Work experience is crucial
Work experience not only makes your resume more impressive; it also helps you gain the skills you need for the future. It doesn't matter whether you gain work experience through part-time jobs or internships.
You should consider short-term jobs even if they're not directly related to a career path you want to take. What's more, such jobs are a good way to earn extra money.
Jobs like working in restaurants, babysitting or taking care of people's pets can be rewarding: they can teach us how to be responsible.
An internship, meanwhile, pays very little (or none at all). Yet being an intern allows you to see from the inside how an organisation works and what skills you need to get a job done. Internships offer a taste of the kind of work ethic that will be required of you later on.
Li Chui-yi, Christian Alliance S. C. Chan Memorial College
From the Editor
Thank you for your letter, Chui-yi. Many students leave school, or even university, without ever having stepped into a place of work. When they eventually get a job, they can feel overwhelmed - not by the work, but by the dynamics, office politics, rules and expectations.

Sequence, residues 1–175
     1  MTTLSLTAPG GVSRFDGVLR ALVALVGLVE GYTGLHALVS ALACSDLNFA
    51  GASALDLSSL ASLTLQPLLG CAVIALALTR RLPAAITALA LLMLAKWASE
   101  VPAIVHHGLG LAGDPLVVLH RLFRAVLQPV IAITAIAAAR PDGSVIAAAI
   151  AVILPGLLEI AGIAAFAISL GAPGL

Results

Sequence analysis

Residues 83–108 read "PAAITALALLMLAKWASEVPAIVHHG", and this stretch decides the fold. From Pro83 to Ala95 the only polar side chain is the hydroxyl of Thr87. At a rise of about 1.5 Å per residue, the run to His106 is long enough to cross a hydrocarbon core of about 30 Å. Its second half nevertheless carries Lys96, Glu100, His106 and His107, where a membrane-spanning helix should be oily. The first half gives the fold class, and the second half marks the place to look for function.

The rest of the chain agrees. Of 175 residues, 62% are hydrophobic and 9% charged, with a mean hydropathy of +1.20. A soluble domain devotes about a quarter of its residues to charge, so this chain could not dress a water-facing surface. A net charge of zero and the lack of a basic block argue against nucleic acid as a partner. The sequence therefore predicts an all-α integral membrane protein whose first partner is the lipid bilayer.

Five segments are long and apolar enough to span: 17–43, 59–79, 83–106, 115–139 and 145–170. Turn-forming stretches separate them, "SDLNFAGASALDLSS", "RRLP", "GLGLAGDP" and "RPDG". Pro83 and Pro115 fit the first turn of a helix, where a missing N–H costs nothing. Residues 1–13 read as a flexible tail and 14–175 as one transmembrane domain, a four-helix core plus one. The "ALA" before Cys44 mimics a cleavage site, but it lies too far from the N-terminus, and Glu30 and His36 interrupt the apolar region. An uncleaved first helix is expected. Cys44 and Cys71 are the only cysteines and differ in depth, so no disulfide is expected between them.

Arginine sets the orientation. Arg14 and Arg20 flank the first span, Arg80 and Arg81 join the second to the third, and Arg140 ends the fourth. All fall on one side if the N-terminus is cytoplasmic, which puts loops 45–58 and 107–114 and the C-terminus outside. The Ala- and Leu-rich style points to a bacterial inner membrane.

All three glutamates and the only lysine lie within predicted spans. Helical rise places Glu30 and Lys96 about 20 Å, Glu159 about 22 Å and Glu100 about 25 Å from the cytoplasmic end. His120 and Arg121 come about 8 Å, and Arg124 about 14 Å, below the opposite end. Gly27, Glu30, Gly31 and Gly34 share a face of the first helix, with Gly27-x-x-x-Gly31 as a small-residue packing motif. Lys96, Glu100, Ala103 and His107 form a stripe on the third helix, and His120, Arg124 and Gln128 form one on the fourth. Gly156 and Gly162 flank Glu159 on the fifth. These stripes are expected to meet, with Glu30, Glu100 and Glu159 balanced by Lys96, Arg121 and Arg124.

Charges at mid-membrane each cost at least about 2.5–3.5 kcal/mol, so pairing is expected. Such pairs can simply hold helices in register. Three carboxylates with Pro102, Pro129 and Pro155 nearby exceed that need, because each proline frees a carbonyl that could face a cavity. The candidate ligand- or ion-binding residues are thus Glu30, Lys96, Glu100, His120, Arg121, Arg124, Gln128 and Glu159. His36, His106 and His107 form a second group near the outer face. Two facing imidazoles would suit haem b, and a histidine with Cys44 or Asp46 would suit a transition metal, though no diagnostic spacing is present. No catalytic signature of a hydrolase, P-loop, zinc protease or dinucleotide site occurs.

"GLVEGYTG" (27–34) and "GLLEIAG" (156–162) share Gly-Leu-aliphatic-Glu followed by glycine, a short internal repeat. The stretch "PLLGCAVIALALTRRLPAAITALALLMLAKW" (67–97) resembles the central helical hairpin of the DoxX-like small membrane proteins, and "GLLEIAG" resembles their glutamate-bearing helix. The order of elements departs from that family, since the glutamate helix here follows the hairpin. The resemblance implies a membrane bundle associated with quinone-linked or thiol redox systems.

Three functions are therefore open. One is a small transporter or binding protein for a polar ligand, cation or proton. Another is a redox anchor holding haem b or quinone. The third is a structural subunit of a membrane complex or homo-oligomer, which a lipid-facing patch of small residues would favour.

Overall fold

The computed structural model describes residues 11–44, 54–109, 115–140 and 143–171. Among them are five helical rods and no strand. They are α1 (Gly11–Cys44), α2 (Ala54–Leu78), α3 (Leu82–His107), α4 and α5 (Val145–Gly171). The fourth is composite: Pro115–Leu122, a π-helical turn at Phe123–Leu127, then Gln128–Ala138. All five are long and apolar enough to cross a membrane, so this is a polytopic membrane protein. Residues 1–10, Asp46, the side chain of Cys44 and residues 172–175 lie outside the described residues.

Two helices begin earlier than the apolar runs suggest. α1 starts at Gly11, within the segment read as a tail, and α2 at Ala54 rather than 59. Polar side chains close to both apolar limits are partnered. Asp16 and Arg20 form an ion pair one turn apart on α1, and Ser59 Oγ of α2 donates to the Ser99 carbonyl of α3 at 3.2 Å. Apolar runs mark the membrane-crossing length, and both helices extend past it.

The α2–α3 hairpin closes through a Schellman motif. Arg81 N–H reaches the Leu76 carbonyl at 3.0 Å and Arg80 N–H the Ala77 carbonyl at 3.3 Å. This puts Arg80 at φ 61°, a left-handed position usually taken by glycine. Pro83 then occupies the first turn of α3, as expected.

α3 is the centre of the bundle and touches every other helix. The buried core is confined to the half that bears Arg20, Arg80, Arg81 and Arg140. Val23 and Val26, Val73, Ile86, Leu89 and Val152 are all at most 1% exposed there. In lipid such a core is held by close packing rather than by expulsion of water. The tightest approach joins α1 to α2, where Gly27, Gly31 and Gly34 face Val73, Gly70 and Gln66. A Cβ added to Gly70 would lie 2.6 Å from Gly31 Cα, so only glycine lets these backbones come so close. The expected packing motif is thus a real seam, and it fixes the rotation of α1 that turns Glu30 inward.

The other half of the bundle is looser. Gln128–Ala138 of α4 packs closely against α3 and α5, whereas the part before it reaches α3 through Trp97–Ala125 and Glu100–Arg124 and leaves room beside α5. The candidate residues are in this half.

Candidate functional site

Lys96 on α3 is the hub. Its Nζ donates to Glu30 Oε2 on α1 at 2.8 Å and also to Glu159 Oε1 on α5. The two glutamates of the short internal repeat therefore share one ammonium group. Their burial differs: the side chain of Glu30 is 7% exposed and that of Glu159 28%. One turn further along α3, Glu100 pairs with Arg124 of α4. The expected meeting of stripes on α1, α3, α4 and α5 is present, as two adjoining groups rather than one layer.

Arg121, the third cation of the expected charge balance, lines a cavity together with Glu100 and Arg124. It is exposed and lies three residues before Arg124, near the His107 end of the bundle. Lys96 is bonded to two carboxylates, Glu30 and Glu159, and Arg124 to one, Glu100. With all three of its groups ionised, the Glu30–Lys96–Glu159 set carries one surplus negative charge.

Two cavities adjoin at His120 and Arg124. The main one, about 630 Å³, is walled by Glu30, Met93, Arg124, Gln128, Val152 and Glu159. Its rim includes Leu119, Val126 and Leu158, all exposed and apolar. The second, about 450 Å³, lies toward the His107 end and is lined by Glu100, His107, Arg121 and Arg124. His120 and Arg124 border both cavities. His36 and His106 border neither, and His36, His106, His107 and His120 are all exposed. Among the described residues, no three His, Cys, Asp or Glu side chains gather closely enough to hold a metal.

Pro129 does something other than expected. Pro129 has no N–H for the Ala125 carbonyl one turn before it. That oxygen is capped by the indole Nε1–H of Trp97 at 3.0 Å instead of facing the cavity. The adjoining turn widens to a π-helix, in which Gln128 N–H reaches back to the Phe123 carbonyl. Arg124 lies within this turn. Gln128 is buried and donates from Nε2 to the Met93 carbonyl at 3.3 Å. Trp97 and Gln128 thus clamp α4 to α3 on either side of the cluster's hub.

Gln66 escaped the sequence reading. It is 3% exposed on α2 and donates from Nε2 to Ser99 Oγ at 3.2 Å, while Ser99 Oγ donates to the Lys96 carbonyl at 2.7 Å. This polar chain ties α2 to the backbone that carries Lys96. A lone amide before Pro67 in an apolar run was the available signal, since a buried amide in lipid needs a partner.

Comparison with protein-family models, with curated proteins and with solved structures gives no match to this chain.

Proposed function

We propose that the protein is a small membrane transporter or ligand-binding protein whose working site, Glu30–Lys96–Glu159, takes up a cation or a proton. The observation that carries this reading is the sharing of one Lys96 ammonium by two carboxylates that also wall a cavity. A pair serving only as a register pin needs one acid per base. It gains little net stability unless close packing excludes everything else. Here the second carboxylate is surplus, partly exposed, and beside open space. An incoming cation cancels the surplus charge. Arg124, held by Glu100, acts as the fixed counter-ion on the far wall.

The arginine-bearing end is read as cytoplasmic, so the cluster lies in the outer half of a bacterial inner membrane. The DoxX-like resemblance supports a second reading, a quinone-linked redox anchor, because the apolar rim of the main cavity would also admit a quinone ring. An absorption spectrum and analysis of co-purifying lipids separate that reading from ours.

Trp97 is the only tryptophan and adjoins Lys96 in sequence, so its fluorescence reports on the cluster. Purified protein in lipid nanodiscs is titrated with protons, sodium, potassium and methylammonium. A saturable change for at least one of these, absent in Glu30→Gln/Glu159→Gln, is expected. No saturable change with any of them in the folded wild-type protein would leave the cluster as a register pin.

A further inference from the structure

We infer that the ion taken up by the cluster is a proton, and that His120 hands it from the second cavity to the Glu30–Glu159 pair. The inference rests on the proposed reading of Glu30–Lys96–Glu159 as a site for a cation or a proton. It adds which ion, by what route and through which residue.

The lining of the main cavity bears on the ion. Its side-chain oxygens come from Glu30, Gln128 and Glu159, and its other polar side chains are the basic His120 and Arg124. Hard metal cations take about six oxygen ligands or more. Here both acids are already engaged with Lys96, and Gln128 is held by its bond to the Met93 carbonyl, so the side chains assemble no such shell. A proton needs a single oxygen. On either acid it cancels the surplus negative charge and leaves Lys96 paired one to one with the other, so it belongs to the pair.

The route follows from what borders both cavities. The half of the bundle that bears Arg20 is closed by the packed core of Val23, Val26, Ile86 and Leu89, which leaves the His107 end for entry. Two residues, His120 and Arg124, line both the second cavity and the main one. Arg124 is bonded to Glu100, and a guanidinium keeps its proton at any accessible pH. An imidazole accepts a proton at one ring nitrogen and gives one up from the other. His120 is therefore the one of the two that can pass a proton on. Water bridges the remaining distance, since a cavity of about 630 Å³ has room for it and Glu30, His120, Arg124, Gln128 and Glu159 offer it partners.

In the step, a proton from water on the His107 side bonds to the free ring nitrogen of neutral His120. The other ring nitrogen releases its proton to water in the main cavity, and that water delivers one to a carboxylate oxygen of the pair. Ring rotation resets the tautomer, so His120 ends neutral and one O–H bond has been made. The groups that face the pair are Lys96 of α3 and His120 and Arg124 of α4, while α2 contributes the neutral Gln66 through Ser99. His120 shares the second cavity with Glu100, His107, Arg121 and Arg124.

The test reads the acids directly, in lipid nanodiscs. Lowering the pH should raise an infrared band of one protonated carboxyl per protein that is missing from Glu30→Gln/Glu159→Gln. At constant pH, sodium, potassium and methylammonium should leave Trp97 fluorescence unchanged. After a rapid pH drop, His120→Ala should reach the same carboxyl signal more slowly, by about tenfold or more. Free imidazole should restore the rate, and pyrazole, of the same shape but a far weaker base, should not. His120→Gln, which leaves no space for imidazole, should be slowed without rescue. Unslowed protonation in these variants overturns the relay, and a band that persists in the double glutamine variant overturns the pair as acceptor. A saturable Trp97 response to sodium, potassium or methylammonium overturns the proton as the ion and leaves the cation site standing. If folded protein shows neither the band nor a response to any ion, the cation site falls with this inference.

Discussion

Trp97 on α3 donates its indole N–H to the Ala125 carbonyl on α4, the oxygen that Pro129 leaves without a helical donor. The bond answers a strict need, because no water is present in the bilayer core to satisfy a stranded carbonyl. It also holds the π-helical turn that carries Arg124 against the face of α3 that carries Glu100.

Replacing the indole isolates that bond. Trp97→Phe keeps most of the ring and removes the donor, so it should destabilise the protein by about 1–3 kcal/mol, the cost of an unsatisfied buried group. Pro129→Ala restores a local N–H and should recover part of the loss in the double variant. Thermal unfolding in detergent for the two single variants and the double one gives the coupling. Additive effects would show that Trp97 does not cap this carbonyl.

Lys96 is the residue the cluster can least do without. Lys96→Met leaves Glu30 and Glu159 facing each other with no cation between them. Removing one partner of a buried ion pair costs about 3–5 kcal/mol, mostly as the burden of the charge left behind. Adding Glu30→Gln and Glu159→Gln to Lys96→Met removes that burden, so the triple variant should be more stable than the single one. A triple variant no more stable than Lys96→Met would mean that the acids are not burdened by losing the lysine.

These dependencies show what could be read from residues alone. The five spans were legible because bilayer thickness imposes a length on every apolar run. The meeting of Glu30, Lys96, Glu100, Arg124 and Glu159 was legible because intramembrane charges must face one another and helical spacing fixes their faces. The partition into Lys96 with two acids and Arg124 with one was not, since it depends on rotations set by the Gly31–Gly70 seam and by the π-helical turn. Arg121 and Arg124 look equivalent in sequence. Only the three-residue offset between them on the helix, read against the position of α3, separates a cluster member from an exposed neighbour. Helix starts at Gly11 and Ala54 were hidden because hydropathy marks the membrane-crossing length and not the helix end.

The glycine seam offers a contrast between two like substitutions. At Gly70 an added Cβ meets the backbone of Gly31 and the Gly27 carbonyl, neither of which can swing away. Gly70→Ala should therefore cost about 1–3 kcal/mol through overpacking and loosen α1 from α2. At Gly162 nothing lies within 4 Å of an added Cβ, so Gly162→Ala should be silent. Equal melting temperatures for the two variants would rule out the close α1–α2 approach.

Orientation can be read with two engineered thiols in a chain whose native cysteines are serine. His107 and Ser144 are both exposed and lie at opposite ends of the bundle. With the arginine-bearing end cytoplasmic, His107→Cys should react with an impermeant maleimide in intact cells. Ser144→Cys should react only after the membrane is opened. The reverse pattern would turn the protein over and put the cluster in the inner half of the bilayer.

Finding work experience while you're a student shows you what awaits you once you enter the workplace. As an intern, you'll probably be given assignments which are fun or challenging, rather than the everyday (often boring) tasks. Companies often have structured internship programmes, which expose you to different tasks.
With a summer job, you'll often be plunged straight into tasks, and expected to contribute towards the day-to-day running of the business, as a regular employee is. Although this may seem a little daunting, it can be a better reflection of working life.
Try to find something that suits your temperament, as well as your interests - although getting work experience in an industry you have little interest in allows you to see a different side of life. Good luck!
Karly, Deputy Editor